Squaliolus laticaudus Smith & Radcliffe, 1912
Spined pygmy shark
photo by Fischer, L.G.

 Family:  Dalatiidae (Sleeper sharks)
 Max. size:  22 cm TL (male/unsexed); 25 cm TL (female)
 Environment:  bathypelagic; depth range 200 - 1200 m, oceanodromous
 Distribution:  Nearly circumtropical. Western Atlantic: off Bermuda, southern Brazil, and northern Argentina. Eastern Atlantic: off France and Madeira. Western Indian Ocean: off Somalia. Western Pacific: Japan, Taiwan and Philippines (Ref. 13748), as well as Australia (Ref. 7300).
 Diagnosis:  Dorsal spines (total): 1-1; Dorsal soft rays (total): 0-0; Anal spines: 0-0; Anal soft rays: 0-0. The spined pygmy shark Squaliolus laticaudus is a very small dogfish (about 25cm) with a large eye (diameter 73-86% of interorbital width), upper margin nearly straight; upper lip without papillae (Ref. 31367, 6871). Color: dark with conspicuously light-margined fins (Ref. 247) . Edge of fins with bright border (Ref. 43998). S. laticaudus is the type species of the genus which has the following distinctive features: fin spine on its first dorsal fin but not on its second dorsal fin; second dorsal fin long-based and low, about twice the length of first dorsal fin base; first dorsal-fin base closer to pectoral fins than to pelvic fins; and caudal fin nearly symmetrical, paddle-shaped, with subterminal notch present; low lateral keels on caudal peduncle . Body cigar-shaped; snout very long, bulbously conical but slightly pointed; mouth ventral; lips thin; teeth strongly different in both jaws, uppers small, narrow and erect cusps, lowers larger, blade-like and semi erect. Tooth rows 22-23/16-21. (Ref. 247, 6871).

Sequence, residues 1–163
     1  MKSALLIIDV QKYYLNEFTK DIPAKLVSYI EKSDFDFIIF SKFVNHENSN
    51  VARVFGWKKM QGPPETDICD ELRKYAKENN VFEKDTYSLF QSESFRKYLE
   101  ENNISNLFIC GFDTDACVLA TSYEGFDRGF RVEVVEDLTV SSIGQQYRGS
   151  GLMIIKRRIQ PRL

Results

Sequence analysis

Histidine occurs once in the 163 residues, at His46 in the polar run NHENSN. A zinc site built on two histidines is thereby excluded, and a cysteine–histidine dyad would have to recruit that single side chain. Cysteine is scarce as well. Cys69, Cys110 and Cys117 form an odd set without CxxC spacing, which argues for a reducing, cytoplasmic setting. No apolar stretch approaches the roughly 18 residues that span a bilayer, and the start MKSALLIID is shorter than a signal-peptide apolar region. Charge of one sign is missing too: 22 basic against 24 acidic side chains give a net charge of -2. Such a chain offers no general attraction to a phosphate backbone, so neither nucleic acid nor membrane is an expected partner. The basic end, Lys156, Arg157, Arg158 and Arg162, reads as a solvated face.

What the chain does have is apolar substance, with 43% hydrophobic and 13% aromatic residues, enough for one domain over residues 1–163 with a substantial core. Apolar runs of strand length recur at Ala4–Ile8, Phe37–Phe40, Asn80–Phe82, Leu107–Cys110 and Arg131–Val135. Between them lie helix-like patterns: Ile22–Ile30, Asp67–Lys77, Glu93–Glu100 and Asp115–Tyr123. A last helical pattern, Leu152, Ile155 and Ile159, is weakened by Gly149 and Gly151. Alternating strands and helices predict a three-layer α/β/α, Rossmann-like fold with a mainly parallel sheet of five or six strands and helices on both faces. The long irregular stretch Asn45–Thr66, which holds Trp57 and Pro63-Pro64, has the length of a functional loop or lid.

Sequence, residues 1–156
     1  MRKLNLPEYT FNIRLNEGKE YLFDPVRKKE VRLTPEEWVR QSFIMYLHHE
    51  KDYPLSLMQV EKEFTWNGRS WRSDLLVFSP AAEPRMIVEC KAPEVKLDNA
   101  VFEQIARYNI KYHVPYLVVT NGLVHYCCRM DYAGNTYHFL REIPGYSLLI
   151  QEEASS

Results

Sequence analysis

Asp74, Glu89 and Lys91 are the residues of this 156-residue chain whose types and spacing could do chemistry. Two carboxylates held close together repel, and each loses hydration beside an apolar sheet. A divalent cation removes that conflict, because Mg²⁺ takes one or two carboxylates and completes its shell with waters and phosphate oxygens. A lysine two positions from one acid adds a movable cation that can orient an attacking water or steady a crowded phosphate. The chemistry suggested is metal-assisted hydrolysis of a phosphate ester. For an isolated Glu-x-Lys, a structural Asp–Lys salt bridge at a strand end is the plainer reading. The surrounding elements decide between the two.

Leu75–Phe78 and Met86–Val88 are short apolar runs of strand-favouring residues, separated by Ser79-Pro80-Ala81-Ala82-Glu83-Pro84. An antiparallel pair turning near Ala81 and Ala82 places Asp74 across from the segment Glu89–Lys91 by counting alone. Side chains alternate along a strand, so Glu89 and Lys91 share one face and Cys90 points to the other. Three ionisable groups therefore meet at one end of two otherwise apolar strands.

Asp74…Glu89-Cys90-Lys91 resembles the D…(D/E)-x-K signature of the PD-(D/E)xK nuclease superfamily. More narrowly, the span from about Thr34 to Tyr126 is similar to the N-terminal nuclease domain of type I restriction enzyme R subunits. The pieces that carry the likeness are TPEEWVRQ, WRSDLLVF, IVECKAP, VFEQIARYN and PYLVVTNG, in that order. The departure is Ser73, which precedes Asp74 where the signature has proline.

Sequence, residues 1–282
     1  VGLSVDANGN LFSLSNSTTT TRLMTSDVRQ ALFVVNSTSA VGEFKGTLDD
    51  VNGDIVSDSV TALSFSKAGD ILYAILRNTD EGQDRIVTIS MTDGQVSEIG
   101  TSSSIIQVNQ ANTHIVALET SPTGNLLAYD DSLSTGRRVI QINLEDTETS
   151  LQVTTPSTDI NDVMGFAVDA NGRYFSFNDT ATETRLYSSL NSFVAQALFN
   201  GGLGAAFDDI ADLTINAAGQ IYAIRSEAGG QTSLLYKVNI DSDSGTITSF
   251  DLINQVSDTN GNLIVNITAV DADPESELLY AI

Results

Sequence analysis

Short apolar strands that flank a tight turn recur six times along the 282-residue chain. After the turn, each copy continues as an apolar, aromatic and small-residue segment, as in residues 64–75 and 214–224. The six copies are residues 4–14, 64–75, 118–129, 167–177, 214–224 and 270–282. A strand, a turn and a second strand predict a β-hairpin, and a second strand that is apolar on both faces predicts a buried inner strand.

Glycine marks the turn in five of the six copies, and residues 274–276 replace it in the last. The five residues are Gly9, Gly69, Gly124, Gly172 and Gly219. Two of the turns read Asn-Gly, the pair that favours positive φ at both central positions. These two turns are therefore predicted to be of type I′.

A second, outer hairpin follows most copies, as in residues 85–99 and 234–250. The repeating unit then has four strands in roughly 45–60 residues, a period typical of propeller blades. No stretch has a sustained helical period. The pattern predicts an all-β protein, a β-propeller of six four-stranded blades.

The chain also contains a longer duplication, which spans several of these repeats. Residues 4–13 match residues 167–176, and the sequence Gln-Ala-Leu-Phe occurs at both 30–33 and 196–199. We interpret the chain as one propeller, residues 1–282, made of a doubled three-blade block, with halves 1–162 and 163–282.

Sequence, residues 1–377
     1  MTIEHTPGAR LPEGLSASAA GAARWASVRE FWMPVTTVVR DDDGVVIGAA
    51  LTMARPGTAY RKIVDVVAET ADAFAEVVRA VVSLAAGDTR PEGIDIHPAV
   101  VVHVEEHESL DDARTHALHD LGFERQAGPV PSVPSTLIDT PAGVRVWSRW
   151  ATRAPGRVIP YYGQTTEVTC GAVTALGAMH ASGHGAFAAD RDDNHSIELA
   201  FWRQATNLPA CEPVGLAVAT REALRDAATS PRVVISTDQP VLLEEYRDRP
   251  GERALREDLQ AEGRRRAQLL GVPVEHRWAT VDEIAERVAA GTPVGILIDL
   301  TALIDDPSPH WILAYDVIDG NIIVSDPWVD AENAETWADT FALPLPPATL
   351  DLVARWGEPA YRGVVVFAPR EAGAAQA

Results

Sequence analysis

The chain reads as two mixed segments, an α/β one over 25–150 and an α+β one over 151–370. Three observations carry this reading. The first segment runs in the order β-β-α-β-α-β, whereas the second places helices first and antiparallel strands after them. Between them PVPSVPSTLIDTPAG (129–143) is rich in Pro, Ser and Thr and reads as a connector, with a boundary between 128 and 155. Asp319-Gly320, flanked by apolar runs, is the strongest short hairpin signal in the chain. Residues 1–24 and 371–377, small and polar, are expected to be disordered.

Biology:  An oceanic, wide-ranging, tropical pelagic species occurring near continental and insular land masses, sometimes over the shelves, but usually over the slopes (Ref. 247). Displays vertical migrations on a diel cycle, seen at the bottom during the day and travels to 200 m at night (Ref. 247). Feeds on deepwater squid, lanternfish, gonostomatids and idiacanthids, and probably follows its prey on their diel migrations (Ref. 247). Ovoviviparous (Ref. 205). Has well-developed photophores densely covering the ventral part of the body and sparsely seen on the sides and hardly developed on the dorsal surface (Ref. 247).
 IUCN Red List Status:   (Ref. 96402)
 Threat to humans:  harmless
 Country info:   
 

 Entered by: Carpenter, Kent E. - 15.06.92
 Modified by: Bailly, Nicolas - 06.07.07
 Checked by: Froese, Rainer - 12.02.94

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